“It was sunny but slightly misty on that crisp autumnal dawn, as Francoise, Guy, Jean-Michel and the boys tackled the first acre of vines. The breeze was out of the southwest at four knots, and a high pressure center kept the skies blue and cloudless. Little did they know that those baskets of grapes were destined to forge a legend.”
Now, I love anecdotal information, and find myself using it when I have a bit of worthwhile trivia to entertain with during a wine transaction:
“Well, heck: the entire shipment of this five dollar Bolivian Merlot was hijacked at gunpoint in San Pedro. It was tasted by the Uzi-toting vino-thugs and then immediately returned to the importer, after the indignant criminals proclaimed it ‘too vegetal and somewhat thin on the mid-palate.’ I disagreed with their assessment, and bought the entire lot from the frightened importer, who was so upset by the incident that he sold me the 200 cases at an enormous discount and left the wine business to bus tables at an Applebee’s.”
I’ve also discovered that the amount of information necessary to sell a bottle of wine is in direct proportion to its price.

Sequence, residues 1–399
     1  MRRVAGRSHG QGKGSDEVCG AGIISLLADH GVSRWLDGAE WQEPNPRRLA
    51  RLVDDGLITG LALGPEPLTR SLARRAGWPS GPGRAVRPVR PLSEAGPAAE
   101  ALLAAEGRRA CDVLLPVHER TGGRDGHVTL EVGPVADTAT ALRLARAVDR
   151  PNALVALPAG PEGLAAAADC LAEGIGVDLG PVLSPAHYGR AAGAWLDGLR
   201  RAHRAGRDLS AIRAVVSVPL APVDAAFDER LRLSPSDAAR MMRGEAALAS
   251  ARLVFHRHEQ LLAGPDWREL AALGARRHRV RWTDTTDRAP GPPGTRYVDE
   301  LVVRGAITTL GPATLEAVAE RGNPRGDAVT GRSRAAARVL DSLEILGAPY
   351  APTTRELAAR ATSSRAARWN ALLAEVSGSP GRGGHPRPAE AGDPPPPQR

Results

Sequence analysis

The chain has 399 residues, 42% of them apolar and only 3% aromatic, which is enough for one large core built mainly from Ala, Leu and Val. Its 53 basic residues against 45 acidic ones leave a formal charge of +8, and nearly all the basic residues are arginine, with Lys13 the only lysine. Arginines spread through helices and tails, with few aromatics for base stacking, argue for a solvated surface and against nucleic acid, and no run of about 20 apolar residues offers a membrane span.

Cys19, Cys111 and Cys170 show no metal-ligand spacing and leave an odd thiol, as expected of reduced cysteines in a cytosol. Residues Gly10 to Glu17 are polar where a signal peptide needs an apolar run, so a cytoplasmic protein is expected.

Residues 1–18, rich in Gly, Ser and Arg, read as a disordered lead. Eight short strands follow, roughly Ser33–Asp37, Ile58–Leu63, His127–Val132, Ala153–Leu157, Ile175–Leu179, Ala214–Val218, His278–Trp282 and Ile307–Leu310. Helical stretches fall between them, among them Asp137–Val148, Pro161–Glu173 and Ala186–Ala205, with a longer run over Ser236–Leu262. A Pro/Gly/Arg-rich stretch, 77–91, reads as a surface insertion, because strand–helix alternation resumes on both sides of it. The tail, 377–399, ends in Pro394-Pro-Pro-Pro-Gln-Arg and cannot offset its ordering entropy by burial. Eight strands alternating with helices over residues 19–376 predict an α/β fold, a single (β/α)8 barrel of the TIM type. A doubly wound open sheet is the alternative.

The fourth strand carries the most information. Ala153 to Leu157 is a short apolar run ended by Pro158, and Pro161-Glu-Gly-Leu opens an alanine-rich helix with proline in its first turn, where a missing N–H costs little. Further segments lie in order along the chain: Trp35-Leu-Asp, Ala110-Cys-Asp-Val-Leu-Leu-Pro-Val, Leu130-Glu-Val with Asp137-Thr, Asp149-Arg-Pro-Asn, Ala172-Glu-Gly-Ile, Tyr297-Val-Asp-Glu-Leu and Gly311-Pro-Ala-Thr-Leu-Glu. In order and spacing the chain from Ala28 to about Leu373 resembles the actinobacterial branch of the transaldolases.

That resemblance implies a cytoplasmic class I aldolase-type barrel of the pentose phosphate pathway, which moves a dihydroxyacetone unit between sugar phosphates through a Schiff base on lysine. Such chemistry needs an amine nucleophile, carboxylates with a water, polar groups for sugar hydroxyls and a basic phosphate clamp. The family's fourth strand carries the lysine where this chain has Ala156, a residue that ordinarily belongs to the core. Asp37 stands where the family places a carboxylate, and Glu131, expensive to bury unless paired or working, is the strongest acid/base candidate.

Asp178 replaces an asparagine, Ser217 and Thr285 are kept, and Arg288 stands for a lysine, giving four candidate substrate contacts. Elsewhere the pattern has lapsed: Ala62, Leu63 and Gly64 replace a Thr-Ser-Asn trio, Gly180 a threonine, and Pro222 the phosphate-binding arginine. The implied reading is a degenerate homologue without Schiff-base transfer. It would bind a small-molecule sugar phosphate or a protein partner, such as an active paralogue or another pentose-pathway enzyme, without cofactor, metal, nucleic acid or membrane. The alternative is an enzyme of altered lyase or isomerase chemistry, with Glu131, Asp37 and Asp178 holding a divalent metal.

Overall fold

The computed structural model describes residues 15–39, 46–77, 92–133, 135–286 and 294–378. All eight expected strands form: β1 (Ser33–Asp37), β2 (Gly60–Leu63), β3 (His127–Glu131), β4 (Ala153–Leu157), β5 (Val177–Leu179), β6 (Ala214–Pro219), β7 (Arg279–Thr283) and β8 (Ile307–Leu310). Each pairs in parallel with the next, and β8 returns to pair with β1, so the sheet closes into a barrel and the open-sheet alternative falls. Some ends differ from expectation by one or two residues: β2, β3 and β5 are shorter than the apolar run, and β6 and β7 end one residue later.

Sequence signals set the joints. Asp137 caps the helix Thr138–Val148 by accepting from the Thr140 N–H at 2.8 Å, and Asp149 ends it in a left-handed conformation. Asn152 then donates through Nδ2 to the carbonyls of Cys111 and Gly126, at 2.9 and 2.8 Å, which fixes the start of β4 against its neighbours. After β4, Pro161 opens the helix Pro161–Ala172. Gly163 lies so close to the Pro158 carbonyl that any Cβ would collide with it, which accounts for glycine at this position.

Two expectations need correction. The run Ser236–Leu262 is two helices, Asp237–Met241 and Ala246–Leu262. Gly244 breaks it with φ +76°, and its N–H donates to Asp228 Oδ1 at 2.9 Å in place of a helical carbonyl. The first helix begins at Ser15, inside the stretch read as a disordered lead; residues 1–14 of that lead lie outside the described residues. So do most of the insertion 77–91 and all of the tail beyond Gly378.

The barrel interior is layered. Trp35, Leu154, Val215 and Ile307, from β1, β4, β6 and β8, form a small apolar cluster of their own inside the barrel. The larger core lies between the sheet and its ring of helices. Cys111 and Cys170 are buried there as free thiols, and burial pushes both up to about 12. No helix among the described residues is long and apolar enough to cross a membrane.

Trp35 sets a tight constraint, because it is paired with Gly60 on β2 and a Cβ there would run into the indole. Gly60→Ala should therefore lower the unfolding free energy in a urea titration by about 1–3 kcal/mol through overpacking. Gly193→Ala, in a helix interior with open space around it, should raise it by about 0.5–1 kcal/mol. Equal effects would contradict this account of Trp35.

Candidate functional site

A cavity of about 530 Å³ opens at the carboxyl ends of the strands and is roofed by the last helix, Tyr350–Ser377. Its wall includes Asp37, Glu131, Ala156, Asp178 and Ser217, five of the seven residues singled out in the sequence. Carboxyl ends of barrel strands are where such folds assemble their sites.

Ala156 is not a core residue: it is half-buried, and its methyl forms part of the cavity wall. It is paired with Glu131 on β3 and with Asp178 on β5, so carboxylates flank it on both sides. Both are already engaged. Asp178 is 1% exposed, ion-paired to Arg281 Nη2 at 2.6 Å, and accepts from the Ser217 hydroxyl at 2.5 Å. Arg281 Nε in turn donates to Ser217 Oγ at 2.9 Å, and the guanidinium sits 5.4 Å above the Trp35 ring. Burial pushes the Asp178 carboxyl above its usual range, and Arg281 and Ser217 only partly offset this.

For example, trying to incite a customer’s passion for a $200 Australian Shiraz requires me to transform into a Shakespearean soliloquist. The customer will ask me about the wine, and suddenly, the store lights will fade, save for a single overhead spot which illuminates my face in dramatic, eerie fashion. I hold up the bottle like a skull and address my audience:
“I know little that may comfort ye, but tis this I shall relay; just as the twilight descends, purple and black, enveloping the earth with its inevitable overlay of night, so shall this exquisite nectar please thee with the sinful essence of deepest, darkest fruits. Verily, it is a regal spice box overflowing with clove, cedar and lavender, and it finishes in heavenly fashion, offering glimpses of a shining and serene hereafter…and don’t forget, we also do a ten percent discount on six bottles or more.”
Anecdotes and information are useful, but most customers just want to know what the wine tastes like, and that’s where trivia and textbooks are of no use. That’s why we taste round-the-clock, and consult our thesaurus when necessary…